Chauvet cave paintings from over 30,000 years ago, photo Jane McConnell
I wrote about Creative Resignation in the last issue of Inside Outsider. “Leaving the old, building the new”: staying in your organization but finding ways to trigger change.
Today I want to share three themes that are covered in a series of 12 exercises in what I call the gig mindset journey. They are Adventure Signposts because they serve as guides along the path towards a gig mindset work culture.
The three themes:
1 – Getting and keeping people.
2 – Energizing individuals throughout the organization, all levels, all functions.
3 – Extending beyond walls, silos and habits, and moving towards a freer, more purposeful way of working.
Let’s do a quick run through the themes. First, “Getting & Keeping People”.
I use the word “beyond” often because we need to move beyond much of what we do and how we do it today.
This includes going beyond hiring based on CVs, annual performance reviews and even job descriptions. A very positive step is to set up an internal talent marketplace giving people full control over it.
Moving on to the second….
Energizing has three signposts and they are strategic, pragmatic and essential!
Reverse leadership, long a theme in my research, and, sadly, sorely lacking today. Most organizations do not have what they call “open and participatory” leaders.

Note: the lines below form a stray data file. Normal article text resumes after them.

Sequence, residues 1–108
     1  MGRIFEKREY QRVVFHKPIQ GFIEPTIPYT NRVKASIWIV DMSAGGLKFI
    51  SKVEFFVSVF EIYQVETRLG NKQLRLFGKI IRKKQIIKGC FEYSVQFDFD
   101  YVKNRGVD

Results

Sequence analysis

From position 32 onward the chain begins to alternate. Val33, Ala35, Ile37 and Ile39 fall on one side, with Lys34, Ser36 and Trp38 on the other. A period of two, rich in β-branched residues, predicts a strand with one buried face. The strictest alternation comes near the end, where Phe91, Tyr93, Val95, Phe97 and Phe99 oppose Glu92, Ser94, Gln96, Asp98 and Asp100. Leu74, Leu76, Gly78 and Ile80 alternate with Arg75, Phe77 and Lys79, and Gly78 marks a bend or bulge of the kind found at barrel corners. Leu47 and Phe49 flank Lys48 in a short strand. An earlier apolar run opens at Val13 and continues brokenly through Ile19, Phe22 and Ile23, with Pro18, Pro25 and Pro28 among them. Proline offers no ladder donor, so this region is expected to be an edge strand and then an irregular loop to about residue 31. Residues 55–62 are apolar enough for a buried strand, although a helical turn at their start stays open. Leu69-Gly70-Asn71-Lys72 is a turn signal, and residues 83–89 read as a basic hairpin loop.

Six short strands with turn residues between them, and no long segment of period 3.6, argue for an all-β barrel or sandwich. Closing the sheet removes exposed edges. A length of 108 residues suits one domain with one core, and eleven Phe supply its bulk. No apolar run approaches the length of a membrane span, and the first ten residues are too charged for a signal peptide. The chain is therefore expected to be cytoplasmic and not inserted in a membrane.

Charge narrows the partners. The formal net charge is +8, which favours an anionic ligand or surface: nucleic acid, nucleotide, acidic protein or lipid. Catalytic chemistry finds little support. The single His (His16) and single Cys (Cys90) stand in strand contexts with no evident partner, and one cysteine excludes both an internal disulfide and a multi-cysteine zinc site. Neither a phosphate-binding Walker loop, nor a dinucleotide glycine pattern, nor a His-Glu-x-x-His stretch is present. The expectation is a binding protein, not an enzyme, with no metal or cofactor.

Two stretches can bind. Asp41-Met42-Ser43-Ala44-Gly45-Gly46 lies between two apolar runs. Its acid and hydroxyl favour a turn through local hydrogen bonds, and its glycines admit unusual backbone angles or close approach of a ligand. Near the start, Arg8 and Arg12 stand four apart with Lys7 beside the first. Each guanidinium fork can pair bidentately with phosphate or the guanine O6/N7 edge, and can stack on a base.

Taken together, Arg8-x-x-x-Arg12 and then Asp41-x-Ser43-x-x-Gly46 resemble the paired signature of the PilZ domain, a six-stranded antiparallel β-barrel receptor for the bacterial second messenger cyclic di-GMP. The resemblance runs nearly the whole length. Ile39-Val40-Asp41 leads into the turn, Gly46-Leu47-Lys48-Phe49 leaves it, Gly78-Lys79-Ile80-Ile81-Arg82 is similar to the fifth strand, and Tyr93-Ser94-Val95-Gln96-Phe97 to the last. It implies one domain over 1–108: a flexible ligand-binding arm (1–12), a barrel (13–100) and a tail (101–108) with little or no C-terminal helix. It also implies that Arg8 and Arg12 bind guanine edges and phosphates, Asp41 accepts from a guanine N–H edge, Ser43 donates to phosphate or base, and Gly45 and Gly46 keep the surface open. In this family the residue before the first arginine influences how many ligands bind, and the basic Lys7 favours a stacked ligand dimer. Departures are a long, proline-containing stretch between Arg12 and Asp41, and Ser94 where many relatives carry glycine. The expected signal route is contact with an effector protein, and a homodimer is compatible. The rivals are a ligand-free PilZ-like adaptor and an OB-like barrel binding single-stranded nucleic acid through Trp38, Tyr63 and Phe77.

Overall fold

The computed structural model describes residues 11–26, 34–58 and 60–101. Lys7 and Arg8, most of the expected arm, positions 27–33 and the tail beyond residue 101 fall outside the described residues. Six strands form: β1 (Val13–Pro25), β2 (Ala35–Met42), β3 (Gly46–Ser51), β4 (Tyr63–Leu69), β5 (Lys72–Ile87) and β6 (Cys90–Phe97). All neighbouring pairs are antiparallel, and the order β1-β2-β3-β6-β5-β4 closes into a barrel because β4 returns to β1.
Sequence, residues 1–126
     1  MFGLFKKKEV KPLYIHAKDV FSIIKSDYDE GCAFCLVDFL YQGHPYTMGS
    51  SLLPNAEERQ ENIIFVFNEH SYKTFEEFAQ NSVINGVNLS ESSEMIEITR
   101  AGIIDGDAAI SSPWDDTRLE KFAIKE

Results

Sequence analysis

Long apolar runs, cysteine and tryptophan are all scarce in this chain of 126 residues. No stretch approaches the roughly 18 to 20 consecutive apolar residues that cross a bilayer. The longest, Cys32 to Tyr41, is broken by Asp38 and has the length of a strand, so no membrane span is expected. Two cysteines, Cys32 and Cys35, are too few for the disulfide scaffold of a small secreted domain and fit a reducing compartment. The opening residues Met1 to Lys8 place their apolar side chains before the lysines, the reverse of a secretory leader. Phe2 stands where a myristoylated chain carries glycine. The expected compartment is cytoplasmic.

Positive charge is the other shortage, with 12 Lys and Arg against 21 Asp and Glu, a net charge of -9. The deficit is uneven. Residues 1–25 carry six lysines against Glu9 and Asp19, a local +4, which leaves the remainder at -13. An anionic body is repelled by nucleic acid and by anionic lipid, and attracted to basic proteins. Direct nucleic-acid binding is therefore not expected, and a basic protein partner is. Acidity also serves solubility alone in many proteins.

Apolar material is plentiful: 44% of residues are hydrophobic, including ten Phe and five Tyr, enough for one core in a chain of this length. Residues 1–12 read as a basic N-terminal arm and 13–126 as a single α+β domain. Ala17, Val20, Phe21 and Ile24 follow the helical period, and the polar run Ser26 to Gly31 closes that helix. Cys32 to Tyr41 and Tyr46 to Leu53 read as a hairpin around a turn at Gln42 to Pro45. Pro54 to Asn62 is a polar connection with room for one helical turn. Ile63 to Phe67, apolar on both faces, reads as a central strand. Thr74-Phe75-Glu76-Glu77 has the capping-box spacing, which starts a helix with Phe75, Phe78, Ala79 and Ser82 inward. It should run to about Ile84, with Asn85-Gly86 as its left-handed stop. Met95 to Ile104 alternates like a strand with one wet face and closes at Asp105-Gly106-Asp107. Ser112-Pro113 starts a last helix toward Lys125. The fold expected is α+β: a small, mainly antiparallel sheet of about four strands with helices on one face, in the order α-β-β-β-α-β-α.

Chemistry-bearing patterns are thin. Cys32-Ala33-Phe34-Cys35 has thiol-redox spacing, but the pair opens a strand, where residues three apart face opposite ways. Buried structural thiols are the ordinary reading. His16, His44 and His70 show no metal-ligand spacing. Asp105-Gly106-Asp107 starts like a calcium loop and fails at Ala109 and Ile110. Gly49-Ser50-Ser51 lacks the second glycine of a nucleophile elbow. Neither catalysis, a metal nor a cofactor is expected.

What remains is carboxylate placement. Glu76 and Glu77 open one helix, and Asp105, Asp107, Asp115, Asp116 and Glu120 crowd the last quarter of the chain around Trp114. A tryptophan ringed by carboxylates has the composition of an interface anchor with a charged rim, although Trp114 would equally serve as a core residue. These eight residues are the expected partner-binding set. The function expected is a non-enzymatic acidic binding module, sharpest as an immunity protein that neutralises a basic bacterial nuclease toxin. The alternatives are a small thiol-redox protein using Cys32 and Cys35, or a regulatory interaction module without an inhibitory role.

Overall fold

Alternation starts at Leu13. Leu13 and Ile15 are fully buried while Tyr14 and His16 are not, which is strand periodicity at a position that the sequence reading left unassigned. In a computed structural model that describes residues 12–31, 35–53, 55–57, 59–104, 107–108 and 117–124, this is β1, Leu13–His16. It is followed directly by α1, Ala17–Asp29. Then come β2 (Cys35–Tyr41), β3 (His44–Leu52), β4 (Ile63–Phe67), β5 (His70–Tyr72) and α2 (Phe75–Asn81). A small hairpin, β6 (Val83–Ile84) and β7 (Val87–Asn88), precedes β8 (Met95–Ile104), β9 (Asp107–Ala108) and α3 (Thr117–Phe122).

Freedom in a framework, which is based on establishing a small number of fundamental strategic principles, then opening encouraging decentralized decision-making.
Openness and learning are states of mind, manifested in the work culture, that underpin everything else. Without them, organizations go stale and die.
And for the third…
Extending beyond our blindly accepted limits, overcoming fears – in individuals and the organization itself – is the indispensable next move to survival, and, more important, thriving.
Reachability is part of Extending because in so many organizations there are people who cannot reach others, nor be reached, because of location or type of jobs. I wrote about that a couple years ago. It’s possibly easier today, thanks to the impact of lockdown and virtual work.
Scanning the horizon has always been a challenge. It is a key part of Extending, but people who follow what’s happening around their organization do not usually have easy ways to share with others.
Adaptive capacity plays a critical role in building proactive resilience. In my annual research studies over 10 years, I saw that most organizations are unable to be adaptive. I wrote about it here, where I showed that the British Standards Institution had very similar results to mine. Both adaptive capacity and scanning the horizon are key parts to building proactive resilience.
Improvisation, not to be confused with innovation, is deliberate, extemporaneous and occurs during action. It’s using what you have at hand in a new way to solve a problem. There is an urgent need, no time to plan, and you must react immediately.
This third step is the deepest and the hardest, and needs to be developed slowly and with other people around you.